TORONTO, ONTARIO--(Marketwire - Feb. 25, 2013) -
Attn: Assignment Editor
At a Queen's Park press conference this morning, the Ontario Health Coalition, representing more than 400 organizations dedicated to protecting public health care, warned that the Ontario government's austerity budget is causing unprecedented cuts to and privatization of hospital and health care services. The Ontario government is curtailing health spending by more than $3 billion, most of which will be shouldered by hospitals and OHIP. Ontario already funds its hospitals at the lowest rate per person of any province in Canada.
The coalition announced plans for a cross-province Day of Action on Monday March 4. Protests will be held across Ontario. The coalition has titled the event "S.O.S. -- Save Our Services" and with the Day of Action it is launching an S.O.S. campaign across Ontario.
The coalition takes issue with the Health Minister's claims that services are being "transformed" or transferred to home care. This is simply untrue. In many cases, services being cut simply do not exist in home or community care. In other cases, services are being demonstrably privatized to for-profit corporations, despite repeated government promises to the contrary.
The coalition released a new report listing hospital deficits and service cuts across the province and a list of upcoming March 4 Day of Action events. The report and upcoming events are available at www.ontariohealthcoalition.ca.
"Thousands of surgeries are being cut from our local non-profit hospitals to be privatized to for-profit corporations, or they are simply cut. Hundreds of health professionals, nurses and hospital support staff are being cut along with the services they provide," reports Natalie Mehra, director of the Ontario Health Coalition.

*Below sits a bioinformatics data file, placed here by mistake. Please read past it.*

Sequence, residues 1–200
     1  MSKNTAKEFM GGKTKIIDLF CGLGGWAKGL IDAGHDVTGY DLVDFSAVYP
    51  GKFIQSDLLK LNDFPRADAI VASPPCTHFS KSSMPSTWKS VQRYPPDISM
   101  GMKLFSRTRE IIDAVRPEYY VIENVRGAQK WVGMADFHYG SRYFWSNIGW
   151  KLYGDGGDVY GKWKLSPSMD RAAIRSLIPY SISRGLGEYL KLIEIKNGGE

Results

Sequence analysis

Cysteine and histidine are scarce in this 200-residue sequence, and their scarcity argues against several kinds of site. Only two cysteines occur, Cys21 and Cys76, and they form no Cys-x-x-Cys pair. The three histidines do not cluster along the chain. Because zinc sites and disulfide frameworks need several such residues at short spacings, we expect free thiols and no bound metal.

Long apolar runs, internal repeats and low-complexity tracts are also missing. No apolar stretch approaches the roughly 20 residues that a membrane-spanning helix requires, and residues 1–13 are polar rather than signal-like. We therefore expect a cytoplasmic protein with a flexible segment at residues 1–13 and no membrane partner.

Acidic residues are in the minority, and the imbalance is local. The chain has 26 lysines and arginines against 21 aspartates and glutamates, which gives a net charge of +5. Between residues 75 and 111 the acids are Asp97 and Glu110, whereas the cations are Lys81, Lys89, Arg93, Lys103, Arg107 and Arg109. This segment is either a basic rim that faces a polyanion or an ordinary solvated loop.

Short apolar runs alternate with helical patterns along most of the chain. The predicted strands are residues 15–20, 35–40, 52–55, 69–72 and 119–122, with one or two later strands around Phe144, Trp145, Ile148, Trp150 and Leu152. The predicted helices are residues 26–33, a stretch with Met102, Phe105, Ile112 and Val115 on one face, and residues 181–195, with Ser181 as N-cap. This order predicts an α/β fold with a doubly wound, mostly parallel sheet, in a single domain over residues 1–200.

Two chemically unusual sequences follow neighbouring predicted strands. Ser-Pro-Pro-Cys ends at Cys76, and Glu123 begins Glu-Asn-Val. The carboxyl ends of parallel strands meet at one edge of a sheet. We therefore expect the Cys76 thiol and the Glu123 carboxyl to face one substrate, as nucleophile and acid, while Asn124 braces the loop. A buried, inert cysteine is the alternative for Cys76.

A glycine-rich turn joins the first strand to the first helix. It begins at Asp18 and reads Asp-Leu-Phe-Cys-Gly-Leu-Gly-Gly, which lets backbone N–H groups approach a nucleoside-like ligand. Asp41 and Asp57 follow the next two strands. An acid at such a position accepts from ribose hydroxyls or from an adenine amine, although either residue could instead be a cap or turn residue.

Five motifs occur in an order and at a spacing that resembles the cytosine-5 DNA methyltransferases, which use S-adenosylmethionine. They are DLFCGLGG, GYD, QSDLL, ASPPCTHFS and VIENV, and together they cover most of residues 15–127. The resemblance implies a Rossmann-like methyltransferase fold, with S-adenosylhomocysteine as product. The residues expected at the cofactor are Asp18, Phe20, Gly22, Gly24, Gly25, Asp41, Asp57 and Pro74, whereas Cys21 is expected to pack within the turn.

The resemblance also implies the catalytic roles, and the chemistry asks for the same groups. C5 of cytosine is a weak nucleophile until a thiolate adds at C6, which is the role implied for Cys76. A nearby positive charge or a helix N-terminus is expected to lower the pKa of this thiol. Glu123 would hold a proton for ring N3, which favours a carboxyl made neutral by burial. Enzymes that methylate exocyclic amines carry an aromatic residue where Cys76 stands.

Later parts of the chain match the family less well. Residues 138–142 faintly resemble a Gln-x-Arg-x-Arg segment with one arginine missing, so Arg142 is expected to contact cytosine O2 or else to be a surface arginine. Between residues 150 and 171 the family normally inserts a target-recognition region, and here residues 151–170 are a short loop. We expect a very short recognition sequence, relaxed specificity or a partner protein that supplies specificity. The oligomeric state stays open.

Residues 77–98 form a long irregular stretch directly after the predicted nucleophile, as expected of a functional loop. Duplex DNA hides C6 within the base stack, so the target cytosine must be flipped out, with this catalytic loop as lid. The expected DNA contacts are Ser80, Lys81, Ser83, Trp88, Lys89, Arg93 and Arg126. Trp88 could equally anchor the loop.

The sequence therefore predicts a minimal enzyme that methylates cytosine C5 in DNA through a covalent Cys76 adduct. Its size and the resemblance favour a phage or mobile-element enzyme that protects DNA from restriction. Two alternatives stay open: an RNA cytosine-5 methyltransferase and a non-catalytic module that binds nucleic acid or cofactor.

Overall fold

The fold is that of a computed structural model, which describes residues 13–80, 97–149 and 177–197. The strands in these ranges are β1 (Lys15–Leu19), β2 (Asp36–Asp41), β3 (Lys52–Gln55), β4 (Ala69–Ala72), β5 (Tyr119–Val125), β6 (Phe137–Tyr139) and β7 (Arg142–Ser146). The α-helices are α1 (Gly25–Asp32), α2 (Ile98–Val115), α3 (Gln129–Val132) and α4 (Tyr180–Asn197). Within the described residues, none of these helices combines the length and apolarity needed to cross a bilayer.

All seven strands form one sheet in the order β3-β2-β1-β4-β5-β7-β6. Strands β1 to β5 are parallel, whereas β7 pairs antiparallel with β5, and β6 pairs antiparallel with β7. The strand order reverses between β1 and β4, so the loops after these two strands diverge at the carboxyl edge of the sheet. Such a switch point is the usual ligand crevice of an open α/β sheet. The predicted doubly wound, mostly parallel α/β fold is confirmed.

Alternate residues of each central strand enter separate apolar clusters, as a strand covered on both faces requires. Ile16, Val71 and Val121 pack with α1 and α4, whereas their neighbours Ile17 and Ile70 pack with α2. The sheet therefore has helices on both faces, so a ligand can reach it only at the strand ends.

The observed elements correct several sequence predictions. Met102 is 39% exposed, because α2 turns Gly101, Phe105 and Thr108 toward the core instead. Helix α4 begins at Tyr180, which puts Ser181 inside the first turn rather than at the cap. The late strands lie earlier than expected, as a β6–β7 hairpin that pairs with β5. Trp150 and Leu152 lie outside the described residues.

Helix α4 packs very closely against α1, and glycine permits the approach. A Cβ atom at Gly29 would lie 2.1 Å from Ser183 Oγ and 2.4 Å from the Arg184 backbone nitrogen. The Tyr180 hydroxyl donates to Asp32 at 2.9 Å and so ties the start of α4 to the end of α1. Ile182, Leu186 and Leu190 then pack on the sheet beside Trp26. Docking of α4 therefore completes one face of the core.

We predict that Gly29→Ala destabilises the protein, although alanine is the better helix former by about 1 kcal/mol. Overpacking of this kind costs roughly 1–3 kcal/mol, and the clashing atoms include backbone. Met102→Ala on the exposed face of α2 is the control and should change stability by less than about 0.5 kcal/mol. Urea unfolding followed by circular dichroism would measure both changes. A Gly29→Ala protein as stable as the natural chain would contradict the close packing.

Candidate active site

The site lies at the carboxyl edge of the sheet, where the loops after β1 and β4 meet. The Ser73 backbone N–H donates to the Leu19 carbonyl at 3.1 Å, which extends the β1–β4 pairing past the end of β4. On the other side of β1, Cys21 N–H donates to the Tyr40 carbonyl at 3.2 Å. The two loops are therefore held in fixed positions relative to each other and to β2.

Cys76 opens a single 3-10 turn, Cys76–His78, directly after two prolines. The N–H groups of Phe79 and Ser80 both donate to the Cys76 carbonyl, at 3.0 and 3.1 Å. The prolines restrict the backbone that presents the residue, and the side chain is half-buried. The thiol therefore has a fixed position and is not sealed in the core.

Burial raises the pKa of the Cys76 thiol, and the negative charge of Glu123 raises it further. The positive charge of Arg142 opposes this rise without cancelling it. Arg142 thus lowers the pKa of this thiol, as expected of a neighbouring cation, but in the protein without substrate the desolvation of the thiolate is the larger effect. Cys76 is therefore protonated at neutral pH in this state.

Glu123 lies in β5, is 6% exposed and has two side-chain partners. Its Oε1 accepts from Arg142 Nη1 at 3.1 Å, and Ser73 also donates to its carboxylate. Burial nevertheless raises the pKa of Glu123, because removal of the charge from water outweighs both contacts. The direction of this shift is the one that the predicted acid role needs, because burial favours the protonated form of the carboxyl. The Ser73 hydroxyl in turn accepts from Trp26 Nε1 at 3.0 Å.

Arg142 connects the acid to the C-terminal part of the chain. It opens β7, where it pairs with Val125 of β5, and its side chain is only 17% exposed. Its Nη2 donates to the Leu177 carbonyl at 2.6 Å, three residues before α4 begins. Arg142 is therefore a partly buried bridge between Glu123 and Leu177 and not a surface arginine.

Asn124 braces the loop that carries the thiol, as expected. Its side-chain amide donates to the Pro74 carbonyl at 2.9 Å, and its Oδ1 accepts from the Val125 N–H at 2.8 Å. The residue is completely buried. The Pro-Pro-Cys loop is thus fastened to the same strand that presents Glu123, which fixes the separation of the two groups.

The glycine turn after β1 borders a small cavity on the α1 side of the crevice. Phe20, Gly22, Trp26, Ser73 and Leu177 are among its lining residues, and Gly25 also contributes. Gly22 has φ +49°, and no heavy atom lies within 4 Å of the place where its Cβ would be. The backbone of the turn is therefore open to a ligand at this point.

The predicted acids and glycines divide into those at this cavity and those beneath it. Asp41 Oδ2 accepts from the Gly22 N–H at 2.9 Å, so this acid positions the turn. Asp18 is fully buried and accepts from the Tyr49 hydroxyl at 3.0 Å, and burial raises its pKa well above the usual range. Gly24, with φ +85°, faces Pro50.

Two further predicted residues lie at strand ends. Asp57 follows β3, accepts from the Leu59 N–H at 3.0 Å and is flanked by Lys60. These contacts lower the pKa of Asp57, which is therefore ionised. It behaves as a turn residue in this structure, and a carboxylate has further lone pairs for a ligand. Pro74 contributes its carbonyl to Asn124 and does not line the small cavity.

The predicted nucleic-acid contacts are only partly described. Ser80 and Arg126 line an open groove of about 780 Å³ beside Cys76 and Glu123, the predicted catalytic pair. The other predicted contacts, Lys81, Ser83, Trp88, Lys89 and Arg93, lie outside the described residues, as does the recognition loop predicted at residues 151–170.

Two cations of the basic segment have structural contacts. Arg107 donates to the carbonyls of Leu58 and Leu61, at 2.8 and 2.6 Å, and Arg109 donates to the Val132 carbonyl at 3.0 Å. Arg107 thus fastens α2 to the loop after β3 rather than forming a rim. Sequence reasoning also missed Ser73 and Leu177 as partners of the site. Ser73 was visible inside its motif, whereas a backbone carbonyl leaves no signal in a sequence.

In smaller communities, the cuts range from 10% to almost 50% of existing hospital beds slated to be closed down. In larger cities, deficits in the $20 - $40 million dollar range are being reported as hospital funding has been set far below the level required to maintain existing services. Since hospitals are not allowed to run deficits, they are forced to cut needed services to eliminate these deficits.
Joining the press conference were City Councillor Sally Freeman from Quinte West and Vicki McKenna, First Vice-President of the Ontario Nurses' Association. The deficit at the Quinte hospitals is resulting in plans to close maternity, privatize outpatient physiotherapy, cut almost half the hospital beds in Picton and more than one in every six hospital beds at the Trenton Memorial Hospital. Cuts to registered nurses as a result of the budget deficit now number in the hundreds of positions, commensurate to a cut of thousands of hours of patient care.
"The proposed cuts by the Quinte Health Care Corporation represent the further erosion of the level of health care in the Quinte area," said Ms. Freeman. "We are demanding a moratorium be placed on cuts to the number of beds and/or level of service provided to our community. Citizens in the Quinte area depend on these services, further cuts cannot be tolerated."
"The impact of cuts to hospital services as a result of government hospital funding reform means less care provided by fewer registered nurses," concluded Vicki McKenna. "This is happening at a time when Ontario already has the second-lowest ratio of RNs to population in the country and will result in higher readmission rates and increasing costs."